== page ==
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This is how to graft avocado at home

By George Mbakahya

Excitement on the prospect of making a kill by growing avocados is not going away any time soon. Today, I explain the concept of grafting avocados.

Avocado tree grafting involves connecting the branch of an avocado cultivar (the scion) with the rootstock of a different tree. As the two grow together, a new tree is created. The closer the scion and the rootstock are to each other biologically, the better chance you have of successfully grafting them.

Grafting is necessary to obtain a large crop of top quality fruit and can speed up the process of fruit bearing. If you grow an avocado tree from an avocado seed, you’ll have to wait six years before you see any fruit. And even after the seedling grows, there is no certainty that the tree will be look like the parents or produce fruit of the same quality. That’s why it is not advisable to grow avocados by seed.

After removing the avocado seeds from a mature fruit, the seeds are washed and dried to remove the seed coat. Seeds can be germinated either in sawdust or sand, with careful attention to optimum moisture maintenance. Once, the germination starts the root and shoot are transplanted into a planting bag. Grafting starts about six weeks after transplanting.

Selecting grafting wood

Successful avocado propagation requires obtaining grafting wood from branches that have demonstrated high production of true-to type fruit, on healthy, vigorously growing trees. The best wood is on young trees, or older trees that have been cut back severely to force strong upright new growth.

Select graft wood that is firm and not rubbery or pithy. Each scion cut should have at least two, preferably three or four sound dormant buds. The best buds are large and plump, with a healthy green color. Undersized buds are less likely to survive and grow. However, extra-large buds and plump buds may be flower buds, which produce weaker vegetative shoots or none at all. Buds that are slim and elongate, often with tiny leaf like feathery tips, are not dormant; they will not store well and will take less successfully even when used fresh. Such immature buds have cambium that is more active and so might be considered better for propagation, but they are more vulnerable to desiccation.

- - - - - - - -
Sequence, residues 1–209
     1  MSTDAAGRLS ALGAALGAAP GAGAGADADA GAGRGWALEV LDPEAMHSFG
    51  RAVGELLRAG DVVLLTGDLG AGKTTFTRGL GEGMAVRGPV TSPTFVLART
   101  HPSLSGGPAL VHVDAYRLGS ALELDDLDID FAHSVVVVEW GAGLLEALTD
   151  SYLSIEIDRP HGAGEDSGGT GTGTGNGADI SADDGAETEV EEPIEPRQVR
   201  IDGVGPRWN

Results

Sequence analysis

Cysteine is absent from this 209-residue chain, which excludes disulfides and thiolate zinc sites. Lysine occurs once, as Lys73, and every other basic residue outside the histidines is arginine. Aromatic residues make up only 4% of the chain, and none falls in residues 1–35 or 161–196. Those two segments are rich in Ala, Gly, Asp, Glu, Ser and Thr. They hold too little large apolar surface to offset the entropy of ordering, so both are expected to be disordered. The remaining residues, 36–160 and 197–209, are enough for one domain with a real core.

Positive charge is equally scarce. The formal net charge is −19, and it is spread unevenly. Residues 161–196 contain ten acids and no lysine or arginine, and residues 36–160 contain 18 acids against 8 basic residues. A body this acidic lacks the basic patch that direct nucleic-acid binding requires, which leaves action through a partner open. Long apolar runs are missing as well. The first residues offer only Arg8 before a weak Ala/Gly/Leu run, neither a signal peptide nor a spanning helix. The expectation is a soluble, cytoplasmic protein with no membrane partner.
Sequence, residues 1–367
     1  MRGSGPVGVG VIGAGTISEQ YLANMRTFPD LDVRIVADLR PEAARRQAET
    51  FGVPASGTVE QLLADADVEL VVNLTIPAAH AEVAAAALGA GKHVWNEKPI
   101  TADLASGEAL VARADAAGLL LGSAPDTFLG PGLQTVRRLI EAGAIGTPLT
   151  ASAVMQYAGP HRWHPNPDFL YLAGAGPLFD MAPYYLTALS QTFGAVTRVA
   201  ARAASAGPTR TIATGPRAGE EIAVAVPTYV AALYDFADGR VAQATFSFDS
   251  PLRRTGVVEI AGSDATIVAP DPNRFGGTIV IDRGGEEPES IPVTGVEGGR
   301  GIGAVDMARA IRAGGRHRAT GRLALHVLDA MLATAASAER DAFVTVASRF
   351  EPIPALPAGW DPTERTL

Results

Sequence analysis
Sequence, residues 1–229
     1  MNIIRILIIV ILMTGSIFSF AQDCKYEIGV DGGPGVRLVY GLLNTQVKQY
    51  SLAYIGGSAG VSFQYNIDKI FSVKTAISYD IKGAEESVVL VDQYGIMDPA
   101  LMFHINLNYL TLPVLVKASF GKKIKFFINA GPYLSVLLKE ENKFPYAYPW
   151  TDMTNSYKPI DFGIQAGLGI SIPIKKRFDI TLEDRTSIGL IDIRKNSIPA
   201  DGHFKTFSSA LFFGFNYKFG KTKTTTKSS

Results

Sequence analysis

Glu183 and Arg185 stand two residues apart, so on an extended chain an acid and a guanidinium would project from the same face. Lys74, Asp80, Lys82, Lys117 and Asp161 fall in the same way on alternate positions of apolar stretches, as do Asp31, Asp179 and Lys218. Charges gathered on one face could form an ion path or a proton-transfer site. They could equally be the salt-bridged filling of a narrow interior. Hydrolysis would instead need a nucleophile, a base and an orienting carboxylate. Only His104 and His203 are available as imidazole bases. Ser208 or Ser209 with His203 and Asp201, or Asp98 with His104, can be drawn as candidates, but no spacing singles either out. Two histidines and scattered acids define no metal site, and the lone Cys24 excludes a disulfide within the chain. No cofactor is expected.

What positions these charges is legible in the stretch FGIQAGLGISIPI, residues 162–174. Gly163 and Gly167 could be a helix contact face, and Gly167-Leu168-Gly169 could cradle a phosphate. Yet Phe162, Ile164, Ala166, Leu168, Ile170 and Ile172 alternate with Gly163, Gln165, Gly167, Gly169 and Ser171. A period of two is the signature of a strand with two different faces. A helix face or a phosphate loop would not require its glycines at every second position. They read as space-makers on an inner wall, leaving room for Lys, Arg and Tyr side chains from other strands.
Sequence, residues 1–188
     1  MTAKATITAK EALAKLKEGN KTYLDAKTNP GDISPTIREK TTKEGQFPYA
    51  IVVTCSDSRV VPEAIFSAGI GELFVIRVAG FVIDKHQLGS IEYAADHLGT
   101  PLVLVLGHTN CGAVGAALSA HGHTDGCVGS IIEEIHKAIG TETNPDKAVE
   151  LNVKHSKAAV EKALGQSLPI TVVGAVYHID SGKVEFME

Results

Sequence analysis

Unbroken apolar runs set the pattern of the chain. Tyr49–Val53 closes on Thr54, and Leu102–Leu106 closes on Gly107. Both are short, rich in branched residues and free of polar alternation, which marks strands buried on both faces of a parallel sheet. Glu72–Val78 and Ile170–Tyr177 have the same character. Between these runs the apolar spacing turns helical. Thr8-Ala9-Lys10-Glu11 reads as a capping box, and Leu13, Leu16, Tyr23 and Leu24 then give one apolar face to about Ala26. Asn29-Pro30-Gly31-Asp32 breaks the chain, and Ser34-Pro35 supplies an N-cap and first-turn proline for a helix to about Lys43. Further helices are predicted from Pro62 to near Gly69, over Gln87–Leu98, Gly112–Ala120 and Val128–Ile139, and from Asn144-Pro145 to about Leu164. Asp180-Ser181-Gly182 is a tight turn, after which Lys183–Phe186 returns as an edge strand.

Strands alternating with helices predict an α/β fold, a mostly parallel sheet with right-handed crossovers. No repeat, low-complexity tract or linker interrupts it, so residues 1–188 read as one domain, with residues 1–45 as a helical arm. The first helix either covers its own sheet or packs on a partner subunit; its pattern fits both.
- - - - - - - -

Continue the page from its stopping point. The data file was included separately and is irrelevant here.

How to graft

Grafting is a matter of precision. Position the branch section properly on the rootstock, such that the cambium on the branch and the cambium on the rootstock touch each other. If not, the graft is certain to fail.

Perhaps the most common method of grafting avocados is the cleft graft. Make a vertical split in the centre of the rootstock, then insert one or two branches (scions), with two or three buds, into the cambium layer of the rootstock. Place the rootstock in moist sphagnum moss. It will hold water but also allows for aeration. The temperature should be about 27oC, although the scion must remain cool. Create humidity to prevent drying of the graft union.

Avocado tree grafting is difficult. Even in ideal conditions, the odds of success are low, even for professionals. 

Cut 6-inch lengths of healthy branch tips that each contain several buds, using a sharp knife. Take six to eight cuttings, wrap them in damp paper towels, and lay them in a bowl of ice to keep them cold and moist.

Make a T-shaped cut on a branch of the rootstock tree, about 12 inches from the trunk. The long part of the T should be about 1-inch long. Make a shorter, crossing cut that goes 1/3 of the way through the branch. Twist the knife slightly to pry the bark away from where the two cuts meet. Examine the bud sticks you cut and placed in the bowl. Choose a healthy bud, and cut it from the stick, beginning 1/2 inch below the bud and ending 3/4 inch beyond it. Bring the selected bud back to the rootstock. Slide the long end of the bud wood into the long part of the T-shaped cut, matching the bud to the horizontal cut in the T.

Wrap the budded graft with a rubber band, securing it above and below, but not actually on the bud. Remove the rubber bands when the bud unions have healed and buds begin to open, which should be within three to four weeks. As these new branches grow and mature, avocado fruit will be produced on them. 

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